Legal aid - This month our panel of experts tackles a dangerous situation at a college where a newly constructed extension is a potential fire hazard. Who is responsible under the design-and-build contract? And who will foot the bill for the remedial work?

Our building is a potential fire hazard

We commissioned a building that was practically complete in June 2003. The £100,000 works were let using a design-and-build form of contract with many of the design team novated to the builder.

In March it was noticed that in several areas where cables and pipes passed through fire separation walls the additional fire-stopping to make up the openings was missing. We have not yet been in a position to inspect the whole of the building but are concerned that this situation might be widespread. While I could look to the builder and address this as a latent defect I am concerned that the safety of the occupants is at risk should a fire occur.

In undertaking any remedial work we are going to be significantly inconvenienced and who is to say that all situations can now be viewed and checked let alone rectified?

Who is responsible under the contract for ensuring that this work has been completed and would it be worth perusing a claim for negligence?

Your overriding concern should be safetyBefore looking at liability, we need to think about safety. Two things spring to mind.

First, have you notified your insurers? If not, you must do so immediately and comply with any directions that they may give, so that your insurance policies will respond if a claim is made.

Second, have you notified the fire officer? Given that you have discovered a serious breach of the fire regulations it is surely best to consult him as to any interim measures that can be taken to alleviate the risk to occupants?

You then need to consider the remedial works to be undertaken. Do you think that your employer's agent under the original contract has the expertise necessary to comment on the proposed remedial works and to inspect the execution of them? Do you need to bring in a specialist to assist you? This might be wise. The expert should also be briefed to make a complete and accurate record of the existing state of the building, so that there can be no dispute as to that.

You are right to look to the builder to address the issue. As a design-and-build contractor it should propose a remedial works scheme and a method statement for implementing it quickly, but with minimal disruption to the occupation of the building. If out-of-hours working is required, then presumably it will do this. It does need to understand the urgency of the situation given the dangers to health and safety. If it is not prepared to implement the remedial works urgently, you will need to put it on notice and bring in another contractor to execute them. Your overriding concern must be the safety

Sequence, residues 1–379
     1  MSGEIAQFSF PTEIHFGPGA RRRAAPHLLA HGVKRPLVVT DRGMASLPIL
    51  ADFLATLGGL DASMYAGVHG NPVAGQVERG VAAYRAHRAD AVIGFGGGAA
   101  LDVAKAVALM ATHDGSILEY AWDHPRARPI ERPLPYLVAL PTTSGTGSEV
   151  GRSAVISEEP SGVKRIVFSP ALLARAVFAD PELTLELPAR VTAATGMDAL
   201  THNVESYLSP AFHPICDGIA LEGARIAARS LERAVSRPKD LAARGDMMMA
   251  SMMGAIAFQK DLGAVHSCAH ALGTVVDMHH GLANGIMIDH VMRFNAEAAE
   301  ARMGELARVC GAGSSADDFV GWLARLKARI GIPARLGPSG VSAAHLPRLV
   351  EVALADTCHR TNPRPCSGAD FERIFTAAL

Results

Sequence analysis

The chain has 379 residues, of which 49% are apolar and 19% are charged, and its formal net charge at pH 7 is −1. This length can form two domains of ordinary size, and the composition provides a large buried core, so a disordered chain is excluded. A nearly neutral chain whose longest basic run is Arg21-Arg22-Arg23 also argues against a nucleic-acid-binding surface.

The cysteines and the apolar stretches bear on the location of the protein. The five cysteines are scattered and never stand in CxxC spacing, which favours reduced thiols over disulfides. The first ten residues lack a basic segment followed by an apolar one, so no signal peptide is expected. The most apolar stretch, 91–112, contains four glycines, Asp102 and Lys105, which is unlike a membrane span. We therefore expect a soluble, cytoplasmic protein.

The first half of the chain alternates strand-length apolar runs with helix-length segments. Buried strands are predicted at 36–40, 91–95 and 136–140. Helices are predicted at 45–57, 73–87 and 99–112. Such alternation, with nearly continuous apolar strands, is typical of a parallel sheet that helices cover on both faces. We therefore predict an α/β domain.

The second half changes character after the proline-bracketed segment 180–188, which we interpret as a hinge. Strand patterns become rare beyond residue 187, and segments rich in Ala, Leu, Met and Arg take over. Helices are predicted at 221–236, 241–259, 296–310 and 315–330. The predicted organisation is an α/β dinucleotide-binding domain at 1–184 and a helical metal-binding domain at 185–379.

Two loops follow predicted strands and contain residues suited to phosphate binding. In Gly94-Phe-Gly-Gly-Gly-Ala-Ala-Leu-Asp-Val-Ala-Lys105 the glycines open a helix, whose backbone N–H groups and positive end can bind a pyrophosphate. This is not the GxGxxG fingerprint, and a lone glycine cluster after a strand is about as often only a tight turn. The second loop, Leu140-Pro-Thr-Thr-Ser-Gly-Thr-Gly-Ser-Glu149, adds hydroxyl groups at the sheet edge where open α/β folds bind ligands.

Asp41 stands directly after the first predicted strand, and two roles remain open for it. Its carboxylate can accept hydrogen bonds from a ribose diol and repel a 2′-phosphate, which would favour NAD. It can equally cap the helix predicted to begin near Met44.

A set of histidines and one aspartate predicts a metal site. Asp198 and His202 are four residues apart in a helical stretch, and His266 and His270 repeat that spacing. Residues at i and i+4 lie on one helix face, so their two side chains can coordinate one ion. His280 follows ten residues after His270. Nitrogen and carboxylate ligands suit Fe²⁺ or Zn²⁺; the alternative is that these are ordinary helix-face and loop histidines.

of the occupants and if this means bringing someone else in, paying them and suing your original builder, then you should be prepared to do this.

I would leave the contractor to join in anyone else he may feel shares responsibility, including perhaps the firm that acted as your employer's agent.

Ann Minogue is a partner at Linklaters

You may be able to claim for negligence

We are not told what the terms of this contract were. Normally, the contractor is under an obligation to complete the works in accordance with the contract. If it fails to do this, it is in breach of contract.

Another party may certify that practical completion has occurred and thereafter may be able to require the contractor to rectify any defects that come to light during any defects liability period. Under adesign-and-build contract, this person is likely to be the employer's representative. Subject to the terms of its engagement, such a person is unlikely to be liable for defects that it did not know about, unless it ought reasonably to have done so.

In some circumstances there may be a claim for negligence against the designer of the relevant part of the works (architect or engineer) if that designer had any duty of inspection during construction and should reasonably have noticed the defect while performing that duty. However, one would have to consider the precise duties of the designer. Further, if the engagement of the designer had been novated to the contractor prior to construction, the designer may not owe any relevant duty to the employer. One would have to consider the terms of the novation, and in particular whether the employer has the benefit of a warranty from the designer and, if so, the terms of that warranty.

Rachel Barnes is a partner with Beale & Company

l-r: Ann Minogue, Julian Holloway, Rachel Barnes, Rudi Klein, Andrew Hemsley